The physiological and metabolic changes in sugar beet seedlings under different levels of salt stress
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Salinity stress is a major limitation to global crop production. Sugar beet, one of the world’s leading sugar crops, has stronger salt tolerant characteristics than other crops. To investigate the response to different levels of salt stress, sugar beet was grown hydroponically under 3 (control), 70, 140, 210 and 280 mM NaCl conditions. We found no differences in dry weight of the aerial part and leaf area between 70 mM NaCl and control conditions, although dry weight of the root and whole plant treated with 70 mM NaCl was lower than control seedlings. As salt concentrations increased, degree of growth arrest became obvious In addition, under salt stress, the highest concentrations of Na+ and Cl− were detected in the tissue of petioles and old leaves. N and K contents in the tissue of leave, petiole and root decreased rapidly with the increase of NaCl concentrations. P content showed an increasing pattern in these tissues. The activities of antioxidant enzymes such as superoxide dismutase, catalase, ascorbate peroxidase and glutathione peroxidase showed increasing patterns with increase in salt concentrations. Moreover, osmoprotectants such as free amino acids and betaine increased in concentration as the external salinity increased. Two organic acids (malate and citrate) involved in tricarboxylic acid (TCA)-cycle exhibited increasing contents under salt stress. Lastly, we found that Rubisco activity was inhibited under salt stress. The activity of NADP-malic enzyme, NADP-malate dehydrogenase and phosphoenolpyruvate carboxylase showed a trend that first increased and then decreased. Their activities were highest with salinity at 140 mM NaCl. Our study has contributed to the understanding of the sugar beet physiological and metabolic response mechanisms under different degrees of salt stress.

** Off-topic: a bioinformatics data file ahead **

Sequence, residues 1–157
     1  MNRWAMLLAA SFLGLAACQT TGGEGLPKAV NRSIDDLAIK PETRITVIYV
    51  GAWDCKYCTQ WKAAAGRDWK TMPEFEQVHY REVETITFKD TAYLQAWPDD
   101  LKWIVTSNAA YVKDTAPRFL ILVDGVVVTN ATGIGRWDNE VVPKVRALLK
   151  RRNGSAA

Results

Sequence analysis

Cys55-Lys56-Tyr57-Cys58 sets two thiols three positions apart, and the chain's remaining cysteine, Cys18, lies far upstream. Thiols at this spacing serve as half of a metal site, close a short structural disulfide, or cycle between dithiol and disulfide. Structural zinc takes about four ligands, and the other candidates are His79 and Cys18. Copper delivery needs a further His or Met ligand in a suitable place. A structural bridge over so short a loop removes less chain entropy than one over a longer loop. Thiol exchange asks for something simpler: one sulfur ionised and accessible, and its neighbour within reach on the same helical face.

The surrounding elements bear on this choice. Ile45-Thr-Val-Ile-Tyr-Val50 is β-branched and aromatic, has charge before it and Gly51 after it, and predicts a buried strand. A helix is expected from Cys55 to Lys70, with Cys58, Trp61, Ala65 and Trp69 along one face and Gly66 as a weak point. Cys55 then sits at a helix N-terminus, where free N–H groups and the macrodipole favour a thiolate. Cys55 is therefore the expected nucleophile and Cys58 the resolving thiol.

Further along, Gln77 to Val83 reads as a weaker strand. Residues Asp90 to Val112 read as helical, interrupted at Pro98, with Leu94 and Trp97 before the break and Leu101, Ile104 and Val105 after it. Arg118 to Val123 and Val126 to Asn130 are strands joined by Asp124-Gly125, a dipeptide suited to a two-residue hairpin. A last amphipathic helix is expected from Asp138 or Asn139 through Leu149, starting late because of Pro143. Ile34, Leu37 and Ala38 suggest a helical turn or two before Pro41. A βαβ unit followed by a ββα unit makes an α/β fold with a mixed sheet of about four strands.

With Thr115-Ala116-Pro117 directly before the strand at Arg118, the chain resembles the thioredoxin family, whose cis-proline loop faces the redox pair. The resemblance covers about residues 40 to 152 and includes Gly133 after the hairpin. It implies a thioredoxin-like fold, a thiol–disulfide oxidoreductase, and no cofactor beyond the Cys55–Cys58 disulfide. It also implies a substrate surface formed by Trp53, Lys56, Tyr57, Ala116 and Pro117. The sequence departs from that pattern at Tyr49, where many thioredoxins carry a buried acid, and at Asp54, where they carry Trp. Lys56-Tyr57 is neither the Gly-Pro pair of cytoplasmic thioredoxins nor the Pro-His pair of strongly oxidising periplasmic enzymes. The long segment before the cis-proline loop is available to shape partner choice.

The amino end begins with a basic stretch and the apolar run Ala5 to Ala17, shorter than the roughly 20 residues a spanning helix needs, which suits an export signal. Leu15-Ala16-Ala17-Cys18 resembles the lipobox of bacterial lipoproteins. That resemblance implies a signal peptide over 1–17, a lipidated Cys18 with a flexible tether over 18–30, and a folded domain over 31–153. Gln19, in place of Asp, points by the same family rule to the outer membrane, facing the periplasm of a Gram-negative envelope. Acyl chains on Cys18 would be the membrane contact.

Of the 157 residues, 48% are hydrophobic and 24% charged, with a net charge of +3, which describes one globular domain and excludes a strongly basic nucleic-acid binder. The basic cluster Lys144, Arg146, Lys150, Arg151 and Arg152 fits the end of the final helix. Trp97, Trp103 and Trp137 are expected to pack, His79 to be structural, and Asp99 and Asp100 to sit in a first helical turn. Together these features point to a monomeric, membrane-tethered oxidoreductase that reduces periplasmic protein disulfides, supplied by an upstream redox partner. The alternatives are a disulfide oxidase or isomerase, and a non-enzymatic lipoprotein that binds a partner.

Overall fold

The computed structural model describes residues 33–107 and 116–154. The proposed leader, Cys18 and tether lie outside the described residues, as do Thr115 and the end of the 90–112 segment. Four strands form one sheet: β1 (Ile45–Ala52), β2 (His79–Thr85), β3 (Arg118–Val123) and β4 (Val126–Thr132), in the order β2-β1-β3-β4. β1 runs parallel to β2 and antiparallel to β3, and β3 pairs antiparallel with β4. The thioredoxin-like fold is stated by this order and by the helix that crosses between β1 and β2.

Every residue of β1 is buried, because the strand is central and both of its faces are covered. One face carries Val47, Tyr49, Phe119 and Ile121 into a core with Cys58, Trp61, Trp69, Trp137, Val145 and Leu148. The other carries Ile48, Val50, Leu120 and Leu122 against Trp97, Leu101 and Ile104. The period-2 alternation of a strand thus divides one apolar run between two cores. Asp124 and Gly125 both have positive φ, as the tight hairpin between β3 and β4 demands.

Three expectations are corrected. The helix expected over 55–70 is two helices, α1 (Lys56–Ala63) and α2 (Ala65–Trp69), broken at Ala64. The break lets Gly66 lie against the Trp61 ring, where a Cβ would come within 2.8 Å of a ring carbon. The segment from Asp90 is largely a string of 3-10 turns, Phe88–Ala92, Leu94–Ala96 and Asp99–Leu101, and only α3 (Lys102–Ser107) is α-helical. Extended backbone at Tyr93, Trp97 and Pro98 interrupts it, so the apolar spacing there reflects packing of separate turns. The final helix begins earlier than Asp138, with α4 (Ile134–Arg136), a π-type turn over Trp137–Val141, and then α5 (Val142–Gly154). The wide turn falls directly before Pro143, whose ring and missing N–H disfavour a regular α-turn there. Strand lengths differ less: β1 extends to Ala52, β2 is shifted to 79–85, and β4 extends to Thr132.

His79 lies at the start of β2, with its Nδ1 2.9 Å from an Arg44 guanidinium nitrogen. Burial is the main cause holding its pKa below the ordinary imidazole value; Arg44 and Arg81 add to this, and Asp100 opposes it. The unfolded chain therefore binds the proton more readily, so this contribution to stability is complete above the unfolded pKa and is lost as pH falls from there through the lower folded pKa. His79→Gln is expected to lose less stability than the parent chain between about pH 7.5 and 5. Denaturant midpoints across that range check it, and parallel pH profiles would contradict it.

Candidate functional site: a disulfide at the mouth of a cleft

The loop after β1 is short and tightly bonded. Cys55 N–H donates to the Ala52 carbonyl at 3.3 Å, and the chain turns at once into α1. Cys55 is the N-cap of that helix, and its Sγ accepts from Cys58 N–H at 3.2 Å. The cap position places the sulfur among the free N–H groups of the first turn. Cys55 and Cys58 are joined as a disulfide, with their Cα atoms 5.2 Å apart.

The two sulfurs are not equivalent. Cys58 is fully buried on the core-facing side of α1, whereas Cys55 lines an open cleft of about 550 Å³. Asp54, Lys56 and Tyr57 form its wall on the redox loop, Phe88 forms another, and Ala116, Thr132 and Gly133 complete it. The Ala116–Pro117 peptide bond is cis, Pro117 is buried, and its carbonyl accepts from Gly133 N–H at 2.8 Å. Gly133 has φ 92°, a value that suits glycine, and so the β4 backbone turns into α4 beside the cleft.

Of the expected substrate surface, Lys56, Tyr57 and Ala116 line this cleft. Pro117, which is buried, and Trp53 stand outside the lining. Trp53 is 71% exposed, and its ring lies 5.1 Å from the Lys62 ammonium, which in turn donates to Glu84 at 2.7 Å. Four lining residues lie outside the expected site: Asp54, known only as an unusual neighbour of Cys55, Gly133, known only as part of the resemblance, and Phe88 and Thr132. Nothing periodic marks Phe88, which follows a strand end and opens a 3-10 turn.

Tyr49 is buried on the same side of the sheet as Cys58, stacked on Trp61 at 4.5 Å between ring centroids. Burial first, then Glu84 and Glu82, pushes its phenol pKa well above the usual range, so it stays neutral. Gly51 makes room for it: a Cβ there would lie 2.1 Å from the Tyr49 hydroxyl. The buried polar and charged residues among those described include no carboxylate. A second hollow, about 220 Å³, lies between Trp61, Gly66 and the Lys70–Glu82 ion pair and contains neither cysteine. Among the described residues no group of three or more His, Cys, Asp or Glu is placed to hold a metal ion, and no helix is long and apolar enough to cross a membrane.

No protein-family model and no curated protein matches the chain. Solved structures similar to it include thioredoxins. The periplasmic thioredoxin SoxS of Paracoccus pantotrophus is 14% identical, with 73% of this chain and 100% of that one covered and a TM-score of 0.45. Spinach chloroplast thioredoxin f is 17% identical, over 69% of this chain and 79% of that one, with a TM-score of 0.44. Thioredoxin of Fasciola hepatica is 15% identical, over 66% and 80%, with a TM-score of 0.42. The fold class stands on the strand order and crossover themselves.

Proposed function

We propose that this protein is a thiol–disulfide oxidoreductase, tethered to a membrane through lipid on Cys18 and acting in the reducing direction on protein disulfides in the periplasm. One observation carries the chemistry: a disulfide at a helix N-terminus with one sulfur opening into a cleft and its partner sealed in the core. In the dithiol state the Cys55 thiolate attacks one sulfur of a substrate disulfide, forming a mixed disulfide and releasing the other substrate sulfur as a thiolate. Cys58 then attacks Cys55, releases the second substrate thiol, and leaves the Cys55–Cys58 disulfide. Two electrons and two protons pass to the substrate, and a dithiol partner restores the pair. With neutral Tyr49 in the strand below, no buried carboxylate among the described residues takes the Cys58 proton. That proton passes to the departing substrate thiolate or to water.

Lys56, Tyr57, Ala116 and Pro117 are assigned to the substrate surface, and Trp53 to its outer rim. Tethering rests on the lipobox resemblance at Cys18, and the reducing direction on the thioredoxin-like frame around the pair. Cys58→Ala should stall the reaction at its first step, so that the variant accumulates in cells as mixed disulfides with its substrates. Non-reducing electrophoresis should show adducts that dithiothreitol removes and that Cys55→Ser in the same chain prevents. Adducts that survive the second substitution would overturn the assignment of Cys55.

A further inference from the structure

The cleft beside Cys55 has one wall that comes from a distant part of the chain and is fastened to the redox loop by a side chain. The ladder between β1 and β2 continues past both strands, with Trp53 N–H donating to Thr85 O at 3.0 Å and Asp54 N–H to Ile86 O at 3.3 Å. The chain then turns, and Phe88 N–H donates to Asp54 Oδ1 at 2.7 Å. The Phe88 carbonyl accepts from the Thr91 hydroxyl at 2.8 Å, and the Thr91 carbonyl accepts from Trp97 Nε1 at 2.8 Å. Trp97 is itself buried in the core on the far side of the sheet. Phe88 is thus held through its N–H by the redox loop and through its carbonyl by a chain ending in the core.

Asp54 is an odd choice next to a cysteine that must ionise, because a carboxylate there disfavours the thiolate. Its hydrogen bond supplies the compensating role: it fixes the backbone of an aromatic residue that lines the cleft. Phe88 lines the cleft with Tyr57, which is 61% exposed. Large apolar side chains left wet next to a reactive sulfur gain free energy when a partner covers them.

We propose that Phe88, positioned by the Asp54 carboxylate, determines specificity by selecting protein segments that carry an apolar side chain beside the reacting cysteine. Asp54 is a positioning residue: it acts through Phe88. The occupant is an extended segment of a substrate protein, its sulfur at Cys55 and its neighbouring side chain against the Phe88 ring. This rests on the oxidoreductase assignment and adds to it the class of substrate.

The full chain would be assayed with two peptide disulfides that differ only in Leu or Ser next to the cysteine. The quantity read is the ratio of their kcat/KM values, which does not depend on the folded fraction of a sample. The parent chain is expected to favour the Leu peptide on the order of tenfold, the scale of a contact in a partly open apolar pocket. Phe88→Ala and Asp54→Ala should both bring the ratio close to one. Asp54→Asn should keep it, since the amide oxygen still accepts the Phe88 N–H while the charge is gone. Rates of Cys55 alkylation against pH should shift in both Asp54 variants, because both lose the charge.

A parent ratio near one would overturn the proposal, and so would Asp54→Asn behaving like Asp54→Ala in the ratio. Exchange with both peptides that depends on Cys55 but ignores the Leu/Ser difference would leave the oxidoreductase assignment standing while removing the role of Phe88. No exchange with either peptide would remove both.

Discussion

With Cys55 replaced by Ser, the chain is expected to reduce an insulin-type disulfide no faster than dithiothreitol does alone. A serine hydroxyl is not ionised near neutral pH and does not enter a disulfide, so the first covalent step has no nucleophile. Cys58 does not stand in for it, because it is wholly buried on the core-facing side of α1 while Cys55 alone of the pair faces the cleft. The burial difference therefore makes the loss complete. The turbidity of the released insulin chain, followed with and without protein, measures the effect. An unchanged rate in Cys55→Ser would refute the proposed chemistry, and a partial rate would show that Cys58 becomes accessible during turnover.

KeywordsSalt stress Reactive oxygen species Osmotic stress Photosynthesis Sugar beet
Lisa David from University of Florida is acknowledged for critical reading of the manuscript. This work was supported by the Project of Natural Science Foundation of Heilongjiang province (project no. C2016048: A preliminary study on the molecular drought tolerance mechanism of T510 strains of sugar beet); Project of international Cooperation (project no. 2010DFAN31530: Drought resistance, salt tolerance breeding, and cultivation for energy beet); Project of National Natural Science Foundation of China (project no. 31271779: Excavation of germplasm resources of higher salt tolerance and osmotic regulation mechanism in sugar beet); Youth Science Funds of Heilongjiang University (Project no QL201511: A preliminary study on salt tolerance mechanism of T510 strains of sugar beet).
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